Fernando Laposse

A succulent voyage

Edition: 2019

The Columbian exchange named after the maiden voyage of Columbus, was the widespread transfer of plants, animals, culture, human populations, technology, diseases, and ideas between the Americas, West Africa, and the Old World in the 15th and 16th centuries. It can also be considered the dawn of global trade and had a profound impact in reshaping the culture, cuisine, and even the landscape both in the old and the new world in a way never seen before.

In a time when we seem to be reliving a rise in nationalist ideologies which claim to try to preserve a nation’s traditional culture by demonizing what is considered foreign, it is of extreme relevance to remember that what we perceive as the identity of a place, from its culture to its landscape, has been in constant flux for centuries.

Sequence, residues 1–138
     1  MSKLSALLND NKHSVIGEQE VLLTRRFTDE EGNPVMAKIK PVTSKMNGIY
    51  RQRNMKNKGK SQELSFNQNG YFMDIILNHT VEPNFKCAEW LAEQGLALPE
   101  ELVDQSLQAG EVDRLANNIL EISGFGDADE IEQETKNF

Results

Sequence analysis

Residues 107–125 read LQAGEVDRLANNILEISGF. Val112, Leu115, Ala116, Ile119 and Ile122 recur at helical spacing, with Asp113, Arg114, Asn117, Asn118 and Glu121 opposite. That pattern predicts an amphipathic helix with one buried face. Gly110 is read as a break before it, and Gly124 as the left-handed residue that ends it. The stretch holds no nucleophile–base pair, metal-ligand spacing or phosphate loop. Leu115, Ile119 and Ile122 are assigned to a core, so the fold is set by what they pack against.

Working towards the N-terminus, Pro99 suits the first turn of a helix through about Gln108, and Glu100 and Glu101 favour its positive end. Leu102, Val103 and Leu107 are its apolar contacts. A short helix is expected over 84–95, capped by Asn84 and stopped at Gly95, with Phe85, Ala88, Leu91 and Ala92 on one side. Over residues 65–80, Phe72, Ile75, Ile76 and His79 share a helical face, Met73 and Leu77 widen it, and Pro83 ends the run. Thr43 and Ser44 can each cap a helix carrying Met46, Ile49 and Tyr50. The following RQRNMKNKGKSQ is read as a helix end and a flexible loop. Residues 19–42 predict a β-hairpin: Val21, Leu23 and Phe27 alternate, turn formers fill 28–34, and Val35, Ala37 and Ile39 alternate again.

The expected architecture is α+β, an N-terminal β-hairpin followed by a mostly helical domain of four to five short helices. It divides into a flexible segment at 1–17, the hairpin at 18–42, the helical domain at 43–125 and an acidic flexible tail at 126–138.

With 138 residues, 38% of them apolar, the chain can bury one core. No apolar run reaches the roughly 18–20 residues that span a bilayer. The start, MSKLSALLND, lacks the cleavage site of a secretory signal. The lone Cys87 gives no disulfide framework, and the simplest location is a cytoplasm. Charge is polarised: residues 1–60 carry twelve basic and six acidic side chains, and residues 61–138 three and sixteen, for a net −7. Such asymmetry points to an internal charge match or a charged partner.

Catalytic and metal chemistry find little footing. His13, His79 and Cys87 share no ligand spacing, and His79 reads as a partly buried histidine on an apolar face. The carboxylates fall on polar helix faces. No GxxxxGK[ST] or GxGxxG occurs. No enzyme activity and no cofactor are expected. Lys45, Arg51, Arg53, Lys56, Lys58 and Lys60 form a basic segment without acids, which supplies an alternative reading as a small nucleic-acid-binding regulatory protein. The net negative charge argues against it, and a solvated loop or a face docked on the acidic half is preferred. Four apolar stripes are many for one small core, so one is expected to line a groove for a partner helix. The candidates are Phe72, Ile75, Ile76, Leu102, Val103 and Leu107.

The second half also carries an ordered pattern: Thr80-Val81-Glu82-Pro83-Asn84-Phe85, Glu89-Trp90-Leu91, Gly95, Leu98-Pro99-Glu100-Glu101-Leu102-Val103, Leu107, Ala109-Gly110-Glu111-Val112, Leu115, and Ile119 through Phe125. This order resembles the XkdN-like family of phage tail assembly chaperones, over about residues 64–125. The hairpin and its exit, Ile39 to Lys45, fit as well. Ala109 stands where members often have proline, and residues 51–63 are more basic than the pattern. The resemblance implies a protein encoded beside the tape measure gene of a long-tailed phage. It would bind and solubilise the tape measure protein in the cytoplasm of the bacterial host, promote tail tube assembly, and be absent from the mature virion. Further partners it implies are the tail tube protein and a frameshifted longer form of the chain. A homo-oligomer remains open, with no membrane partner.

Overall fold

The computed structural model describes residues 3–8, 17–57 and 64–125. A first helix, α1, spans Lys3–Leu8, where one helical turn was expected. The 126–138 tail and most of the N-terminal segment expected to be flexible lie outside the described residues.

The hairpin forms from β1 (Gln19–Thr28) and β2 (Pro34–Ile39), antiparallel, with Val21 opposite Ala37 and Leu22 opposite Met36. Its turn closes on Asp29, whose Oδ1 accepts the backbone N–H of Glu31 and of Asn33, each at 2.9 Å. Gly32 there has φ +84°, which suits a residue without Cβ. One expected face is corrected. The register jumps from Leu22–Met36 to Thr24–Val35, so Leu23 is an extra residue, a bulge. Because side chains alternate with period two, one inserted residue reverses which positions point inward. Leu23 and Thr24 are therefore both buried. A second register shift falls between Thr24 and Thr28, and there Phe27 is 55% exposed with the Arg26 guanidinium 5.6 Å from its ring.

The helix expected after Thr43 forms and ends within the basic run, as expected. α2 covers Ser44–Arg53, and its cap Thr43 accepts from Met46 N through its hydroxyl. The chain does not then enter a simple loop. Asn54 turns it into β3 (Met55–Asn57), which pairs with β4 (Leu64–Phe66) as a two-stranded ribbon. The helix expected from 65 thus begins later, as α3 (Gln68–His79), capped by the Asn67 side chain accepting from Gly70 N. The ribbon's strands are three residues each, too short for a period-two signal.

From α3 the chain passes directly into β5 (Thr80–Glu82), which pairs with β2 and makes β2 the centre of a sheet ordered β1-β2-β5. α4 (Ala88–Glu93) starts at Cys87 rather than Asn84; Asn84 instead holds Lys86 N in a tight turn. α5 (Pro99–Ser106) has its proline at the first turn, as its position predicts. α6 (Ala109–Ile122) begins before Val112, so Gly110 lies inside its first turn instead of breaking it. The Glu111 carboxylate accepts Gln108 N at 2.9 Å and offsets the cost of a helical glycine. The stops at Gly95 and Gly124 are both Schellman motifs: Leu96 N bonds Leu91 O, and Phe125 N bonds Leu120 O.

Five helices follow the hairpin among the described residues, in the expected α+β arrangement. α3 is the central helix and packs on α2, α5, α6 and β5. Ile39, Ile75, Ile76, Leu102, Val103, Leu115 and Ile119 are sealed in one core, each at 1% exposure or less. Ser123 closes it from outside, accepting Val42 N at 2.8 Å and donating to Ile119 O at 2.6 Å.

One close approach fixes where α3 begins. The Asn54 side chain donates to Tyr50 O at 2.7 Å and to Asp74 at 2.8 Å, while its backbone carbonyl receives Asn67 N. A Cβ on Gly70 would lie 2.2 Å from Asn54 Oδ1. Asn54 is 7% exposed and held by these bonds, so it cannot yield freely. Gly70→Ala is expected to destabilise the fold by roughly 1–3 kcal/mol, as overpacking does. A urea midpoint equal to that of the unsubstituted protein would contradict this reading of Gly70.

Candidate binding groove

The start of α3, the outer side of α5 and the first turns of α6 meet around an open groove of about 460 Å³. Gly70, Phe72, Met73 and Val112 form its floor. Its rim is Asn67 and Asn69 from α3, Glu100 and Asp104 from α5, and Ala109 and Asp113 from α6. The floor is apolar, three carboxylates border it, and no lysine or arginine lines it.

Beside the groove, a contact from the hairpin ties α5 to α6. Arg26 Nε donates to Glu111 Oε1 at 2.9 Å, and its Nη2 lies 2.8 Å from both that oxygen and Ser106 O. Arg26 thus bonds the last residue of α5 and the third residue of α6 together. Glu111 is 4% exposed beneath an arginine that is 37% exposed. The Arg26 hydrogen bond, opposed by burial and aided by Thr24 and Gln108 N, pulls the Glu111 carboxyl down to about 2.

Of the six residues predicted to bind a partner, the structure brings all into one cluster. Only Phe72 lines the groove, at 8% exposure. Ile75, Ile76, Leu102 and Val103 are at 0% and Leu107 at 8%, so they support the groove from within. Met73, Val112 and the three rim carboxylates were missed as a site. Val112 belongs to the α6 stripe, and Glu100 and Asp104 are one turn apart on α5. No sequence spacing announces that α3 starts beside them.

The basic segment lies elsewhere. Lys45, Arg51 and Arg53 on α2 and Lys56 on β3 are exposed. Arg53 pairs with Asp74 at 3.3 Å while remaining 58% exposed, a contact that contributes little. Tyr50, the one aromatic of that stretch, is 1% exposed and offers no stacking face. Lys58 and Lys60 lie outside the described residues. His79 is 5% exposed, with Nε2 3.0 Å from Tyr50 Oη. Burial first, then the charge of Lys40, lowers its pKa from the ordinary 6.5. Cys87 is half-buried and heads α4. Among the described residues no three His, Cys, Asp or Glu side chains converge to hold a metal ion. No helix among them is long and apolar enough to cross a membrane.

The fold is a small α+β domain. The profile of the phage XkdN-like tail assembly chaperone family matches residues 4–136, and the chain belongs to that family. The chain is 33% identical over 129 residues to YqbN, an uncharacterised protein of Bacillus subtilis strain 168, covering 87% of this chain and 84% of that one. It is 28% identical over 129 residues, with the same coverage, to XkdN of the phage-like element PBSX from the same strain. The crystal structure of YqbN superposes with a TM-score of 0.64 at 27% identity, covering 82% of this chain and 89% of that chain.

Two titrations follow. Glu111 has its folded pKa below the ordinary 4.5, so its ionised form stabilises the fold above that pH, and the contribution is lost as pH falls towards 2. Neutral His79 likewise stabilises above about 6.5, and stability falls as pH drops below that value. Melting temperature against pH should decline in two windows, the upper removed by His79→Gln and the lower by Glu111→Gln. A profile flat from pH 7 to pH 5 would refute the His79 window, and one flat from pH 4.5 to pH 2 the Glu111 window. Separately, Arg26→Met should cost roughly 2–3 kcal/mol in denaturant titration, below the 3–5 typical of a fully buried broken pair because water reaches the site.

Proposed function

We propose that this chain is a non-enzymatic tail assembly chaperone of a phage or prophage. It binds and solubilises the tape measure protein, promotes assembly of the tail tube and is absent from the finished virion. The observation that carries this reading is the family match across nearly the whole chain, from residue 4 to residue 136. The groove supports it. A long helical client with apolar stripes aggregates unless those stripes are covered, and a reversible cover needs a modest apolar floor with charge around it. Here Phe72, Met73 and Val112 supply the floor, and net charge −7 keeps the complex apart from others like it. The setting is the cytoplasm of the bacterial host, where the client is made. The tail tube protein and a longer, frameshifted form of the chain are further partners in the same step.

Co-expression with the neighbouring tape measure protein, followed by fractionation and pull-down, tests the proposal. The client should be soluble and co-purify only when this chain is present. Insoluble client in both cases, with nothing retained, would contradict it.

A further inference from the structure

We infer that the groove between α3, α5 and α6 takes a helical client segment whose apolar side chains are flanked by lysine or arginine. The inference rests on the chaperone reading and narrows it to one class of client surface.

In this workshop participants will be focusing on two plants, the oppuntia (or prickly pear) and the agave. Both are plants introduced from Mexico to Sicily in the XVII Century and have become such a common sight that many Italians consider them endemic to the area. Participants will learn about the history of how and why these succulents made this transatlantic voyage and they will be introduced to traditional mesoamerican techniques to make everything from textiles, varnishes, dyes, stucco and even food by using these plants.

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